Interplay between CSS and Javascript

Animating the height of an element with only CSS is possible with the max-height property, giving the begin value a max-height of zero and (let's say) the 'hovered' value some high number “that will always be higher then the real height of the highest animated element”. The outcome of the results can vary quite a bit, depending on the differences between all these values: not satisfying in all scenarios. An alternative way is using height: 0 in combination with a set value for padding-bottom.

Animating padding-bottom with CSS-Transitions

But to know these values for padding-bottom 1 one will have to know the height of each element. With only a small amount of dropdown-lists to be styled, one might be tempted to hardcode those values in. But what if someone (, and maybe even not you) wants to add an item to one of these lists in the future? Now one will have to change this value in the CSS every time again when the number of items in the HTML changes, which can be anoying.

Javascript to the rescue

Since one can know the height of one individual list-item in the dropdown, (because we have a set font-size, padding, and even use a web-font), one can calculate the height of each list by multiplying this value with the number of list-items that are in the list. To count the number of list-items in each dropdown list with javascript one can use the length method.

var itms = {
home    : ($("#tt-home li").length),
blog    : ($("#tt-blog li").length),
books   : ($("#tt-books li").length),
goodies : ($("#tt-goodies li").length),
media   : ($("#tt-media li").length),
news    : ($("#tt-news li").length),
contact : ($("#tt-contact li").length)
};

Now one can add the outcome: this number, on a class, which is then added with javascript on each parent dropdown list-item. In jQuery we can use $each in a function to get the number of list-items in each list:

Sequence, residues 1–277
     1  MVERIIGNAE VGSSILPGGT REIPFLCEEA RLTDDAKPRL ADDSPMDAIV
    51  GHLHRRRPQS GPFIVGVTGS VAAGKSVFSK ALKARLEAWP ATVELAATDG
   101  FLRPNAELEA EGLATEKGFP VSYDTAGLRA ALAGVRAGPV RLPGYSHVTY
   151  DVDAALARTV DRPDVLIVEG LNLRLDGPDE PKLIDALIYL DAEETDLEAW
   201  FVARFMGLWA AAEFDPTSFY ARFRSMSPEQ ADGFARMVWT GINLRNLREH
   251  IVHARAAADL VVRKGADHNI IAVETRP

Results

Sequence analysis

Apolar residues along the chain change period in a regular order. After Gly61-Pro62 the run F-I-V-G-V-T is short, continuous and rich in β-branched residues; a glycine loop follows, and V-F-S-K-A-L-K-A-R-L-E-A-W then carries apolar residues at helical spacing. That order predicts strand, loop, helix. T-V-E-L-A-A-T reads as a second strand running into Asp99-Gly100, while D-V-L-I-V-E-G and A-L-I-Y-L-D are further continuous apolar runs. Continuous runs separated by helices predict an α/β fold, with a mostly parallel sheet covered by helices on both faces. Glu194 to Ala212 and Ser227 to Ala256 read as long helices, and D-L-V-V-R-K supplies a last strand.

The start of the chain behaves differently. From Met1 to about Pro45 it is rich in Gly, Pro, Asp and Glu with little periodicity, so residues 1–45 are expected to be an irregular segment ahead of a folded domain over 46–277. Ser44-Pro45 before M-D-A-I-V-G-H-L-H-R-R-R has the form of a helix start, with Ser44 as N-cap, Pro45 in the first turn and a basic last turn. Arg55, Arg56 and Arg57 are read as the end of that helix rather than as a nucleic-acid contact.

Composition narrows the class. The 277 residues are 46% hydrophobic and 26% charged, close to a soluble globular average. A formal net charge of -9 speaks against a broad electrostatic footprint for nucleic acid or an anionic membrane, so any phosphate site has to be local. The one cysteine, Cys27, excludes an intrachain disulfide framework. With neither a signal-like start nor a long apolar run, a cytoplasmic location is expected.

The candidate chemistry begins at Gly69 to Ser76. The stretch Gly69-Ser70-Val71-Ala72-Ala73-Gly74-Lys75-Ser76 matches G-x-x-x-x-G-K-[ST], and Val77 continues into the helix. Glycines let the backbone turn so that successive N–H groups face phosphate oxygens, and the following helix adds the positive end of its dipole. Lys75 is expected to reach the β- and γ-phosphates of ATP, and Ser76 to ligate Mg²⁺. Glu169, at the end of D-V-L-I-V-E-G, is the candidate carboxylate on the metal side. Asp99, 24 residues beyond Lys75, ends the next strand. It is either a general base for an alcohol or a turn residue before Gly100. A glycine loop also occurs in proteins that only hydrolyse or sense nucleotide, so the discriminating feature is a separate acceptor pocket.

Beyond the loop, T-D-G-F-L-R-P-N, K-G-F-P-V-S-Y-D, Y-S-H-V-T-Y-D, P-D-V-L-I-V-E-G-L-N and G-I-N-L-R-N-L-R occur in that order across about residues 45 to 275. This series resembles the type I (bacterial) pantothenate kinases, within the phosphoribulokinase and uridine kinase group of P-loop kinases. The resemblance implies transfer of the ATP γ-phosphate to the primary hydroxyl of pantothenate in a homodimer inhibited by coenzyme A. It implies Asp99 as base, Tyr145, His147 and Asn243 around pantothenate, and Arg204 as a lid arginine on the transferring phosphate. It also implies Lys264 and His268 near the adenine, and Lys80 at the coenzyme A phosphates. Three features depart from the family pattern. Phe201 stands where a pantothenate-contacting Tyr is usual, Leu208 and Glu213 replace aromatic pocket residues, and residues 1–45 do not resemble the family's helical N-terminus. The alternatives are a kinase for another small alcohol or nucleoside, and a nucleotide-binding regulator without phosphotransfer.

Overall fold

$.each( itms, function( i, val ) {
  $( "#tt-" + i ).addClass('tt-nav__itemcount-'+val);
});

Switching to Sass, we can make a function there which will output the values for padding-bottom on every matching “submenu-parent” like so:

$item-count-list: 1 2 3 4 5 6 7 8 9 10;
$item-value-list: 46px 92px 138px 184px 230px 276px 322px 368px 414px 460px;
@for $i from 1 through length($item-count-list) {
  [class*="itemcount-#{$i}"]:hover .tt-nav__submenu {
    padding-bottom: nth($item-value-list, $i);
   }
}

The generated CSS 2:

[class*="itemcount-5"]:hover .tt-nav__submenu {
  padding-bottom: 230px;
}

Minimal transition in CSS

In the CSS one should have declarations for the different ‘states’, but the definition can be quite minimal:

/* Submenu - shared properties and values */
.tt-nav__submenu {
  transition: padding-bottom .75s cubic-bezier(0.6, 0.4, 0.25, 0.75);
  height: 0;
  padding: 0;
}

.tt-nav__item:hover .tt-nav__submenu {
// maybe include a fallback for padding-bottom when javascript is not available:
  padding-bottom: 460px;
}

// Sass function after this,
// outputting the different values for `padding-bottom`
// as explained above:
// $item-count-list: 1 2 3 4 5 6 7 8 9 10;
// $item-value-list: 46px 92px ... and so on;

One can also provide a fall-back value for padding-bottom on the active/hover state (value should be matching the highest current element, which will then be overridden by the values outputted by the Sass-function) in order to make it always appear, even without javascript (, as shown above).

Interplay

Then there it is: a DIY 3 cooperation between CSS and Javascript, responding fast and snappy, because it benefits from modern browser’s native capabilities with using CSS-transitions.

Examples

  • responsive dropdown demo - Disclaimer: this is a prototype: there will be more robust javascript implementations for dropdown menu’s tested on multiple devices out there (like Foundation/Bootstrap).
  • example build on Bootstrap-3 - extended with hover-dropdown-plugin by Cameron Spear - fork of repo on Github - toggle links are clickable, as far as I know works on mobile, but javascript could be improved upon (I am aware that the animation could be done with jQuery slideDown() too, I just like the DIY 3 aspect: the tinkering, and the fact the transitions are done by the CSS, which has it's own (long-term) advantage.)

Notes

  1. Probably can also use height instead of padding-bottom since we are not using height: auto here, which (used to?) require max-height instead of height, but I wanted to be carefull here, avoid confusion by not mixing those concepts.
  2. One of them declarations: it outputs 10 of those, see also this Github Gist, or this reduced testcase here on CodePen
  3. do it yourself

This article was also published on Codepen.